CHARLOTTE EATOCK

Freelance contemporary dance artist
Up until now I have been adamant not to write an overview of my experiences and job qualifications in the form of a curriculum vitae or short biography on my website, however after five years of contemplation I have decided to share with you some of my highlights.

‘Kate Lunn’
‘Kate Lunn’ was my debut as a filmmaker, made in collaboration with Johanna Levy.
Filmed on Hampstead Heath and edited on IMovie, it was the first of a series of works titled ‘do it yourself projects’ Johanna created the music, I edited the film, we both choreographed. ‘Kate Lunn’ was shortlisted for the Jerwood Moving Image Award and has been show at a variety of Festivals and events.

'Revealing Eve'
‘Revealing Eve’ is a short solo that I created for myself about the objectification of women, commissioned by Stratford Circus and first performed as part of a mixed bill 'Small Dances'. Dressed in a long polka dot dress and cardigan, holding an apple and being only one of two contemporary dancers I felt a little out of place in comparison to the super cool vibe of the rest of the performers, I though I was going to go down like a lead balloon, my stomach was in knots and was considered bailing. Half way through the piece however, when there is a moment of stillness, the audience cheered and whooped and it took all my efforts to stay composed and not show the delight and relief on my face until the piece was over. I always try and make work that connects with a broad audience range and so it felt quite an achievement when ‘Revealing Eve’ was received in this way.

London Studio Center
For three years I had back to back lessons in dance and related subjects including Tap, Ballet, Jazz, Musical Theater, Contemporary, Drama, Singing, Choreography, Design for Dance, along with Lectures and various performance opportunities. I didn't excel in all these fields in fact in some I failed successfully; I don’t think I’ll sing the Little Mermaid in front of an audience ever again. It didn’t take me long to realize my real interest was in contemporary dance and choreography and I was heading for Intoto, the third year contemporary dance company. Through my training I developed a curiosity for all styles of dance and a passion for entertainment, which has certainly influenced my work, I worked hard, had a ball and made friends and connections in the industry that are still strong today.

Henri Oguike Dance Company
I danced for HODC for three years and had quite a few highlights over this time. I was pushed physically and mentally and achieved things that I never considered possible; I made amazing friends and experienced the delights and horrors of being on tour.
It was during this time that it hit me that I was a professional dancer. Walking out onto the Royal Festival Hall stage and looking out into a packed auditorium I was overwhelmed with a sense of responsibility. I was aware that no longer was I performing to supportive friends and family but to a paying audience and this was the first time dance felt truly real for me.
Whilst performing in Syria with HODC I experienced the most overwhelming reaction from an audience during my career. The audience went mad. The theater was more than sold out, people were pushing to get tickets (they squeezed extra audience on the steps in the aisles) and at the end of the show (which had a power cut in the middle of it) they flocked to the front of the stage cheering, I think it’s the closest I’ll ever get to feeling like a rock star. One last highlight I have to mention is working with National Youth Dance Wales, a great opportunity where I had two weeks to choreograph on enthusiastic students with the support of Henri and time in the theater, to collaborate with the lighting designer Guy Hoare.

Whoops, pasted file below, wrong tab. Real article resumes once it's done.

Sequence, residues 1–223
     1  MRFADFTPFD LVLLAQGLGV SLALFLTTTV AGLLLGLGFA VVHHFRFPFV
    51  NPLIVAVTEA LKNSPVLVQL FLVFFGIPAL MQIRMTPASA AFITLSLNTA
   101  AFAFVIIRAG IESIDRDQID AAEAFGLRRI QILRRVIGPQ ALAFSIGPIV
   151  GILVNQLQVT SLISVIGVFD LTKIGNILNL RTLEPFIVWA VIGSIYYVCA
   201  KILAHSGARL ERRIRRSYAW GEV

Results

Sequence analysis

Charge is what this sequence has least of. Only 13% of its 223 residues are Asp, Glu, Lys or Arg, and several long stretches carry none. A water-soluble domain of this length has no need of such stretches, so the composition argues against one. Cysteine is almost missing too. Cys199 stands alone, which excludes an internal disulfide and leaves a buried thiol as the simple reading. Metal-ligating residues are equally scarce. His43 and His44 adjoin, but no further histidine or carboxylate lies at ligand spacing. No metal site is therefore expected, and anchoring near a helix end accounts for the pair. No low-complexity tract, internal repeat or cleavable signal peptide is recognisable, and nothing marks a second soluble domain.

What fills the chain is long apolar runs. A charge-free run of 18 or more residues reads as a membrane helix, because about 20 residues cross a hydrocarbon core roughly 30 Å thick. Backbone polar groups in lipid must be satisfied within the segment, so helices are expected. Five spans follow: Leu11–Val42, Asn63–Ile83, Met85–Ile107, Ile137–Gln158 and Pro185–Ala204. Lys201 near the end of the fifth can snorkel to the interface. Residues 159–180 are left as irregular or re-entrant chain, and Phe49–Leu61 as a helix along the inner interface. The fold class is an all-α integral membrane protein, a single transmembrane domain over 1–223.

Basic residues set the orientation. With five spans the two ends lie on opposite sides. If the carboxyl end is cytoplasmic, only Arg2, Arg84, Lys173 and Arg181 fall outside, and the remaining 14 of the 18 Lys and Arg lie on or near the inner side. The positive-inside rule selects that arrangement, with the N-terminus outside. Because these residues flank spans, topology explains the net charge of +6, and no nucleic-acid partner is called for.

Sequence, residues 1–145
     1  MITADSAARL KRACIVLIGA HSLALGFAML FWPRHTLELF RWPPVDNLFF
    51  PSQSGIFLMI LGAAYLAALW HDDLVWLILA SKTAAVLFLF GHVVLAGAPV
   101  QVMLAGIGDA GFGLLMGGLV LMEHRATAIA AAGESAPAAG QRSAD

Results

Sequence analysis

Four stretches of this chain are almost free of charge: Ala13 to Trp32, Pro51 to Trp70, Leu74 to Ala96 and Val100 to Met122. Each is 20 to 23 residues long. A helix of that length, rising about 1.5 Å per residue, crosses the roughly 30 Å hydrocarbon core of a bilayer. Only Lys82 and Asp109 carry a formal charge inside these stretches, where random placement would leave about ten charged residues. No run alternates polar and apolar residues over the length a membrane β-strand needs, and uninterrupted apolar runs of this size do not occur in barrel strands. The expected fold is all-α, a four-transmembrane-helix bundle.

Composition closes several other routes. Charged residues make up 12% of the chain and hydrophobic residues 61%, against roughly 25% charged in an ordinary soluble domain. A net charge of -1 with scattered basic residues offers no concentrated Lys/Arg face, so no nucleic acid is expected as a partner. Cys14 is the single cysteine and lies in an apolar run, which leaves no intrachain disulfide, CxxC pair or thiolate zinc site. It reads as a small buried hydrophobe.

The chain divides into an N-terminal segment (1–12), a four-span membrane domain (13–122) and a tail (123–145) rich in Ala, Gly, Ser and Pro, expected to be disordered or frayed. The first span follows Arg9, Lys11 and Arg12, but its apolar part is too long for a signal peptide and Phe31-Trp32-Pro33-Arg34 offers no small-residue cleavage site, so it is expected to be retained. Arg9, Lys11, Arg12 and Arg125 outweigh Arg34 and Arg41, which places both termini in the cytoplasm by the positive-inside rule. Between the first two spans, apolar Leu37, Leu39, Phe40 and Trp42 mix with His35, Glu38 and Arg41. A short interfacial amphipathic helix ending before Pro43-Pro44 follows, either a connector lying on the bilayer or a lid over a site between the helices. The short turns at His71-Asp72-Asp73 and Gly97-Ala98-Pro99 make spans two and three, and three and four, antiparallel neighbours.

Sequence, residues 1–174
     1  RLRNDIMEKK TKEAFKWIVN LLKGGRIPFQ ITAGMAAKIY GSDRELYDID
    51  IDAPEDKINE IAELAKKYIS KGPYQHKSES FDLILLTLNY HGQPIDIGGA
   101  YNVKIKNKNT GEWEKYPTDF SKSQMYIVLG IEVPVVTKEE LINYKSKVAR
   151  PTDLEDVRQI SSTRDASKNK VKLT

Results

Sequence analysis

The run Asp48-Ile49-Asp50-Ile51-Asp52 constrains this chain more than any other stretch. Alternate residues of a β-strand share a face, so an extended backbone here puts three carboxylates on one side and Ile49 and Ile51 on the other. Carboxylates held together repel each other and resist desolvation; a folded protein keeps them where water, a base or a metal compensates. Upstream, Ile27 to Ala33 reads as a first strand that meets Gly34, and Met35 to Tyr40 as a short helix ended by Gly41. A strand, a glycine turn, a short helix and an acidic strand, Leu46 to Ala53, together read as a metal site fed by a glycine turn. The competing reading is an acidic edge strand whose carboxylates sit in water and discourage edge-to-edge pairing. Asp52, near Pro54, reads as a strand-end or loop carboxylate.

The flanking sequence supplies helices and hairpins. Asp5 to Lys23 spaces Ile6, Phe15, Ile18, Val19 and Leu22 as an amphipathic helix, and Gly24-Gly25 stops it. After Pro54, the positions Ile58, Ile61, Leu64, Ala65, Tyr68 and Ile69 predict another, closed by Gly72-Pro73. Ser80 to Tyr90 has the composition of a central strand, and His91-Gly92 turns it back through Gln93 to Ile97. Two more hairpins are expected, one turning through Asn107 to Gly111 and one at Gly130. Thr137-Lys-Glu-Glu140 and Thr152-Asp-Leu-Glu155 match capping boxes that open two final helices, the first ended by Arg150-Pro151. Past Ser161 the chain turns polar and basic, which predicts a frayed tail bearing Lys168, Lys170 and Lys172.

Richard Alston Dance Company
It’s not everyday you get a phone call from Richard Alston and he offers you a job. I was expecting him to offer me educational work and was chuffed when he offered me a job as one of his dancers, how could I turn him down? I had previously stepped in for a couple of months when one of his dancers was injured and the company had a premier of ‘Petrushka’ coming up. I had been around The Place a lot creating a piece for The Place Prize and teaching evening class. I think my name on his studio door played a part in him asking me to step in. I remember it all being a blur, I had four days to learn the piece and was on stage in Glasgow on the fifth. I punched my partner in the face (accidentally on stage) and cried (probably from relief) after the first performance. Working for RADC brought about the opportunity to perform at the Saatchi Gallery, Buckingham Palace, Sadlers Wells and my all time favorite, The Joyce in New York. I also had the opportunity to learn and perform ‘Forest’ by Robert Cohen. I think this could have been the hardest thing I have ever done in my life, being bent in half by my partner and spun around in the craziest positions, whilst nervously trying to take direction from Robert Cohen and Darshan Singh Bhuller.

I feel I should mention teaching, now I am not sure if teaching should be classed as one of my highlights but it has definitely played a part in me making all the other things possible. The thing about teaching is that when I was younger I never saw myself as a teacher and never imagined or planned for it. When I am teaching I become a student again, I learn as much as I teach, I think differently, I think more, I read more, I talk more, I am inspired by the energy (sometimes the lack of it) in front of me. The more I teach the more I enjoy it and realize teaching is just another strand of performing.

After being based in London for over ten years I am now living in Cornwall. The move here has brought my career as a dancer to an end but brought my work as a performer and video artist back to life.